Looking for a workout alternative that isn't all washed up? You may want to try swimming. Sure, jumping into the pool and swimming laps lacks a bit of glamour, but that doesn't mean this fitness option is soggy. In fact, for beginners and veteran exercisers alike, swimming can be a great way to boost your fitness level and reduce stress.

Don't let the fact that it's cooler than a landlubbing workout fool you. Like its drier exercise counterparts, swimming is a great cardiovascular workout, meaning it makes the heart stronger so it can pump blood more efficiently. This can help lower blood pressure and reduce your risk of heart disease. And unlike some other aerobic workouts, the natural resistance water offers means you can strengthen your muscles as you work your heart.

People who can't reap these benefits from working out on land for a variety of reasons may want to consider swimming as an alternative. That's because water's natural buoyancy reduces the amount of body weight you carry as you work by about 90%, minimizing the impact on your joints. This makes swimming a great exercise option for people who:

  • suffer from arthritis or joint problems
  • have back problems
  • are overweight or obese
  • have weak leg muscles
  • are recovering from surgery or an injury

But swimming isn't the best exercise option for everyone. While water's buoyancy makes it an ideal workout for people looking to lighten their load, if you are looking for exercise that can help you build bone density - which cuts the risk of osteoporosis - you'll likely get better results from low impact weight-bearing exercise on dry land. And if you're trying to lose weight, you may want to immerse yourself in another activity. Why? Water conducts heat away from the body, keeping your body temperature - and your metabolism - lower than when you work out on land.

Once you've decided to make a splash, here's what you need to know.

  • start slowly: As with any new workout, start slowly and gradually work your way up to 30 minutes straight. And again, as with any new exercise plan, check with your doctor first.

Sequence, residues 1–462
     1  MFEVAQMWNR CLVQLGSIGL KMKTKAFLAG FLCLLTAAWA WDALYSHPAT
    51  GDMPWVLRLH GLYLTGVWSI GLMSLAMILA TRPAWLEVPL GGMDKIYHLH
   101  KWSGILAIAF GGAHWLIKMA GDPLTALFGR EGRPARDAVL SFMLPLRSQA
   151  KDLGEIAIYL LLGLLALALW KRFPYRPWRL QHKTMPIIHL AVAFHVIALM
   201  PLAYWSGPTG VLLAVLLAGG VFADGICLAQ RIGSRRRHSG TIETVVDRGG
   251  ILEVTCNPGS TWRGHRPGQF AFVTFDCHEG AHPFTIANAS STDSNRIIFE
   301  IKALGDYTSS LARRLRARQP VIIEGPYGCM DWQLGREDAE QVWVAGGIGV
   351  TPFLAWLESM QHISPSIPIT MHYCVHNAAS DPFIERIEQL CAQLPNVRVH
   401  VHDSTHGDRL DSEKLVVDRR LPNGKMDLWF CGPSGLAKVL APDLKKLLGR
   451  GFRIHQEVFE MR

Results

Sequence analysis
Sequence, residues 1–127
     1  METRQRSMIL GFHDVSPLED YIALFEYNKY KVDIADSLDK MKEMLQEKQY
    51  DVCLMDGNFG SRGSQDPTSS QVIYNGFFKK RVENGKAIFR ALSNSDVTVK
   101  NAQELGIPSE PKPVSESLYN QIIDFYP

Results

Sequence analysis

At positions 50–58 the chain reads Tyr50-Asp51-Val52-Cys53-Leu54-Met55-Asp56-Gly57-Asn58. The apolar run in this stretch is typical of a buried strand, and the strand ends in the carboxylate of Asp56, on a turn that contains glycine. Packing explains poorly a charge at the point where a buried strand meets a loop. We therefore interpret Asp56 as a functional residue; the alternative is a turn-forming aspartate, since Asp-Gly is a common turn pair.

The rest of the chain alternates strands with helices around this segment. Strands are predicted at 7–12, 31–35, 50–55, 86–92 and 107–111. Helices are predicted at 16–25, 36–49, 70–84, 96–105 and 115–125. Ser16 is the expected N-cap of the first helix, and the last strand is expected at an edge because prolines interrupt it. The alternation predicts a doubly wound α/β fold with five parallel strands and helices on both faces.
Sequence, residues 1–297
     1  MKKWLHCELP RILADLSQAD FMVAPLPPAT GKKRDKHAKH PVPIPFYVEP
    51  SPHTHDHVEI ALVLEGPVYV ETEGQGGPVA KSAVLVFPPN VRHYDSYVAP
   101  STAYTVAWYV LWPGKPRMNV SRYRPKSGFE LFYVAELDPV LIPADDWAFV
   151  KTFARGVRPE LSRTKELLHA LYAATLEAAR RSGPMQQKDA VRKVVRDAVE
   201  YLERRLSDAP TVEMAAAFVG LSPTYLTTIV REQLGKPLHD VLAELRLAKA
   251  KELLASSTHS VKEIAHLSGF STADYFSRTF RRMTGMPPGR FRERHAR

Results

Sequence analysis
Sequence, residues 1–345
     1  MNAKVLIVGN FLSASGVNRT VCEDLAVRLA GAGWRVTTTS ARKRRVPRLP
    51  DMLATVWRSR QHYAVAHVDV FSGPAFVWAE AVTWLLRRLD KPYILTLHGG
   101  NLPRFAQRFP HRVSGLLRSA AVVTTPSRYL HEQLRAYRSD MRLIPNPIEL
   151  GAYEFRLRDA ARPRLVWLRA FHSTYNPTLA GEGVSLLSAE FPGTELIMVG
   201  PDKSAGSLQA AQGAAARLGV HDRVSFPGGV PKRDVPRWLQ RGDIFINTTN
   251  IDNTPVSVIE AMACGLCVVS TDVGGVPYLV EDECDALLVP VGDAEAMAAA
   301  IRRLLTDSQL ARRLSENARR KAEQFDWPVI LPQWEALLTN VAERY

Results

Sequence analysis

• consider lessons: If you haven't been in the water for some time, you may want to consider swimming lessons to learn new strokes and other exercises you can do in the water. Make sure your instructor is trained in CPR and has the appropriate lifeguarding certification.
  • know your limits: If you choose to swim in open water rather than a swimming pool, remember that cooler water temperatures and water currents can tire you out faster.
  • use sunscreen: If you're an outdoor swimmer, remember that water doesn't block the sun's harmful rays. Apply a waterproof sunscreen before going in the water and make sure to reapply after you dry off.

There are also a number of swim-specific ailments that can leave you soggy:

  • swimmer's ear: This is an infection of the outer ear and ear canal, which can occur when water becomes trapped inside the ear, changing its acidity levels and promoting bacteria growth. Swimmer's ear can be itchy or painful and may cause the skin on the outer ear to appear red and flaky. It's treated with medicated ear drops, so if you're a frequent swimmer, you may want to talk to your doctor or pharmacist about getting a prescription filled before infection occurs, so you can begin treatment when the first symptoms of infection hit. Left untreated, swimmer's ear can be extremely painful.
  • swimmer's itch: This itchy rash is caused by parasites that live in some freshwater lakes. The parasites enter superficial layers of the skin and then die, causing irritation and a red rash on exposed skin only. Repeated exposure to these parasites can sometimes cause blisters. Lake swimmers can prevent getting this condition by avoiding marshy areas where snails are often found and by rinsing and vigorously drying exposed skin immediately after leaving the water. If you do get swimmer's itch, oral antihistamines and anti-itch products such as calamine lotion can help.
  • swimmer's shoulder: This is an inflammation of the rotator cuff that can make it difficult to take a stroke or to have a regular range of motion out of the water. As a result, activities that involve raising your arm may be painful. Swimmer's shoulder may be prevented by warming up and cooling down properly before swimming and by using proper stroke technique. If you do suffer from swimmer's shoulder, take a break from swimming and apply ice. Over-the-counter pain medications such as ibuprofen or acetaminophen may help. Some cases may require physical therapy, corticosteroid injections, and even surgery.

Now that you're armed with all you need to know about swimming, you're ready to make a splash. So jump in and enjoy your swim!